Cognitive Performance in Patients With Alcohol Use Disorder

Researchers assessed social cognition and social problem solving abilities by employing ecologically valid scenario-based tests.
Researchers assessed social cognition and social problem solving abilities by employing ecologically valid scenario-based tests.

Investigators affiliated with Ruhr-University Bochum in Germany have recently reported that higher order cognitive abilities, such as social cognition and social problem solving skills, are significantly impaired in patients diagnosed with alcohol use disorder (AUD) when compared to typical, healthy individuals without the diagnosis. Their results were published in the Journal of Clinical and Experimental Neuropsychology.

These findings are important, as, on average, almost 70% of substance use disorders (SUDs) involve alcohol only. An additional 14% of cases involve both alcohol and illicit drugs, whereas only 18% of all SUDs involve illicit drugs only.

The Centers for Disease Control and Prevention (CDC) rank alcohol-attributable mortality as the third leading cause of preventable death in the United States. As we have reported previously, genome-wide association studies (GWAS) in humans reveal a heritability of AUD of between 40% and 60%.

In the present cross-sectional study of 31 hospitalized patients diagnosed with AUD (aged 24-63 years; 24 male) and 30 matched control participants (aged 26-61 years; 24 male), researchers assessed social cognition and social problem solving abilities by employing ecologically valid scenario-based tests. Two groups of study participants were matched with respect to gender, age, and educational attainment. “In spite of the fact that years of education were matched in AUD and [healthy control] groups, AUD patients showed a significantly lower IQ estimate than [controls], t(54)=2.840, P=0.006."

Descriptive data for the patients diagnosed with AUD show an average of 9.38 years (SD=9.30) in duration for alcohol dependence. Individuals diagnosed with AUD scored significantly higher [16.19 (SD=9.82)] compared with control subjects [2.66 (SD=2.61)] on the Beck Depression Inventory (BDI) scale. It is well known that patients diagnosed with major depressive disorder (MDD) present with impairments in various cognitive domains, including executive function, attention, memory, and psychomotor speed; and, these impairments can be long lasting, even after recovery and symptom reduction. Therefore, researchers excluded the patients with AUD whose BDI score exceeded 28, which may indicate severe depressive symptoms. Also, the control participants smoked significantly fewer cigarettes per day [6.23 (SD=9.27)] compared with patients with AUD [20.81 (SD=14.02)].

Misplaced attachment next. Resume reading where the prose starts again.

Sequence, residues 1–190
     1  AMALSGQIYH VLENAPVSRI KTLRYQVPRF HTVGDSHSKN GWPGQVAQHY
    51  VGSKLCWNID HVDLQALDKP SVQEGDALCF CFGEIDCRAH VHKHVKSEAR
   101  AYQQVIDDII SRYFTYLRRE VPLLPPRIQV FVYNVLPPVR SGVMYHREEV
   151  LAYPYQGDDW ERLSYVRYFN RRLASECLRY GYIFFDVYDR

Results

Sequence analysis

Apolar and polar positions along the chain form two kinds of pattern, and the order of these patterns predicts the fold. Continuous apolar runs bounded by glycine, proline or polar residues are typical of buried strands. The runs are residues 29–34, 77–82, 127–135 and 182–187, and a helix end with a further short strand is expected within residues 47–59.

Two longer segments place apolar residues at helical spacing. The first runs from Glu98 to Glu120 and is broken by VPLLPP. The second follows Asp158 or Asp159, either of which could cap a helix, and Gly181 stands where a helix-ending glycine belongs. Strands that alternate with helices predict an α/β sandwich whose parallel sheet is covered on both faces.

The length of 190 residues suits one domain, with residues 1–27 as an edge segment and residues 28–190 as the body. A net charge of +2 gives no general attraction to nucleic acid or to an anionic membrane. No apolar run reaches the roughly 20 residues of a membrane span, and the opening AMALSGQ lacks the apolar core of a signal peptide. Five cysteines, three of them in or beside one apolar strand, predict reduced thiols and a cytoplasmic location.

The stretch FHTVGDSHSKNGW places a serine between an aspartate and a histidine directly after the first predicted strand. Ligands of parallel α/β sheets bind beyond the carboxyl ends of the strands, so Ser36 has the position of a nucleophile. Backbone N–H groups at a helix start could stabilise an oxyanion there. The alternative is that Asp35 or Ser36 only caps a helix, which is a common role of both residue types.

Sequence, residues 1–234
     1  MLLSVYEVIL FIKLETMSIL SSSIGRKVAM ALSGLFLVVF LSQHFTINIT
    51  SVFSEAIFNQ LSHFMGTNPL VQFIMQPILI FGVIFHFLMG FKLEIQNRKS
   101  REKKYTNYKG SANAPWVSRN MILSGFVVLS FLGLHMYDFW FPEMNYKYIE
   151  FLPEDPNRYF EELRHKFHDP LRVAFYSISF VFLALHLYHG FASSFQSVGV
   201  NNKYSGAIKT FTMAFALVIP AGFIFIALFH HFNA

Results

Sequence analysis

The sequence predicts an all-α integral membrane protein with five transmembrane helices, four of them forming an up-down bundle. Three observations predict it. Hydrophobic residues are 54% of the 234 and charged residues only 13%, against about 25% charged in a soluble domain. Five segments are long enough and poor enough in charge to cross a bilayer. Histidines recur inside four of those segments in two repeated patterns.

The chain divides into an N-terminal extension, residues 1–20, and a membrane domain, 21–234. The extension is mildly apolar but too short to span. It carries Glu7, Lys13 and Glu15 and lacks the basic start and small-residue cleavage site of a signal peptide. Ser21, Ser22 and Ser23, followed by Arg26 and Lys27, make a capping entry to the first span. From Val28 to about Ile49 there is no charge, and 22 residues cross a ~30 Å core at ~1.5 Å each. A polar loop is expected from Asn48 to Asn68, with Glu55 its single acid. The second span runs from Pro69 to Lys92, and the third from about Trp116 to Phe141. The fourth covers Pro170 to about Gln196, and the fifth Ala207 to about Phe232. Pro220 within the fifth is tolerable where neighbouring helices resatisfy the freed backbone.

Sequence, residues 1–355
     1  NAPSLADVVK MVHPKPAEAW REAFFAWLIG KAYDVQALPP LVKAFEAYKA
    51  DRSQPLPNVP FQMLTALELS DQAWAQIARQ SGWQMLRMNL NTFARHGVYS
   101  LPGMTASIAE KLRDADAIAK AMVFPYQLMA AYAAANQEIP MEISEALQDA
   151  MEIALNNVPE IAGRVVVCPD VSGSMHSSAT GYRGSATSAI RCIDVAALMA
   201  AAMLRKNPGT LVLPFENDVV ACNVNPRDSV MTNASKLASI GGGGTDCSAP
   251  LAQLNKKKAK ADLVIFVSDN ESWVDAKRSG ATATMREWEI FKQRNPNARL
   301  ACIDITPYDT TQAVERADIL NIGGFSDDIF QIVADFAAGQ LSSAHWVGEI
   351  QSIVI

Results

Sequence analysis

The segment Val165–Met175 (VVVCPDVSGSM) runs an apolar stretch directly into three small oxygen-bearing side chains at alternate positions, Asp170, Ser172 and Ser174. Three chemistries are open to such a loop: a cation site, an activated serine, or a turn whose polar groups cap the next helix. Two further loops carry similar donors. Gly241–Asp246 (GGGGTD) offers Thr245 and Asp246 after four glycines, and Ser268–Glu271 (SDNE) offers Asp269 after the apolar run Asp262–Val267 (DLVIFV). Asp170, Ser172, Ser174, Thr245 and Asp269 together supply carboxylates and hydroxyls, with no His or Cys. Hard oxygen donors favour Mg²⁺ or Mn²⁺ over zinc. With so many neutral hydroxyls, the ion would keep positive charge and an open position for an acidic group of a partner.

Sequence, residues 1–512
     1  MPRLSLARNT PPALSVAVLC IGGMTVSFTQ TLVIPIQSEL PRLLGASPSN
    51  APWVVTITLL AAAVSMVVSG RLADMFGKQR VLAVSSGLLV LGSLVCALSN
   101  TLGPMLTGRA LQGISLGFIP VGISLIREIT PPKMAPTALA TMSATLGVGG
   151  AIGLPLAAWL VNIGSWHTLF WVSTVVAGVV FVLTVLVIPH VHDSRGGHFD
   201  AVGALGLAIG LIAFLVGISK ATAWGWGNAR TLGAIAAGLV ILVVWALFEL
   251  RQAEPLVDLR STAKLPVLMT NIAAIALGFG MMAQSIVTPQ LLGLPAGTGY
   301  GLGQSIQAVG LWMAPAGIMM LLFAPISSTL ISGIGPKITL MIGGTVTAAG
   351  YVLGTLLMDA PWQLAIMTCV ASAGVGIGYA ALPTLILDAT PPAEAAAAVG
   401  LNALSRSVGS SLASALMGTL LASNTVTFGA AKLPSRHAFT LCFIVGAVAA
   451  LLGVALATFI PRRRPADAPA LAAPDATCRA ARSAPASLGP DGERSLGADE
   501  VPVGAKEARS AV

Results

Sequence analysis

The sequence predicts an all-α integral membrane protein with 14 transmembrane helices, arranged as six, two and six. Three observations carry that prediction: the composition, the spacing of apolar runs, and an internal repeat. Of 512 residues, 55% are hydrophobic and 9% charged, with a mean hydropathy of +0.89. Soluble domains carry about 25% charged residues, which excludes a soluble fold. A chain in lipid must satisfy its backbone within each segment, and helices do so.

Investigators used tests designed to “gauge the ability to infer the mental state of story characters in complicated interpersonal situations, the capacity to select the best problem solving strategy among other less optimal alternatives, and the ability to freely generate appropriate strategies to handle difficult interpersonal conflicts,” they wrote in their publication. More specifically, these standardized tasks were used to assess executive function, attention, trait empathy (the Interpersonal Reactivity Index), and memory.

Neuropsychological assessment involved testing of response inhibition and working memory by using the Go/No-Go and Working Memory subtest of the German Test Battery of Attentional Functions. Investigators also assessed cognitive flexibility (Trail making Test A and B), visuospatial memory skills (Ray-Osterrieth Complex Figure Test), and verbal memory skills (Logical Memory subtest from the Wechsler Memory Scale-Revised).

Results indicate that patients with AUD show significant impairments in social problem resolution task. “The quality of the freely generated best solutions in response to the presented social scenarios,” was lower in participants with AUD, and they “generated significantly fewer optimal solutions.” Optimal solutions were operationalized as solutions that were both socially sensitive and practically effective at the same time. Additionally, with regard to the physical event scenarios, as well as the human action scenarios, patients with AUD performed significantly poorer at selecting the best alternative out of a range of alternatives, compared with control participants.

“In general, based on our findings, we may conclude that assessment of the pattern of altered social problem solving skills could aid and inform treatment of AUD,” investigators concluded.

Reference

Schmidt T, Roser P, Juckel G, et al. Social cognition and social problem solving abilities in individuals with alcohol use disorder. J Clin Exp Neuropsychol. 2016;38(9):974-990.

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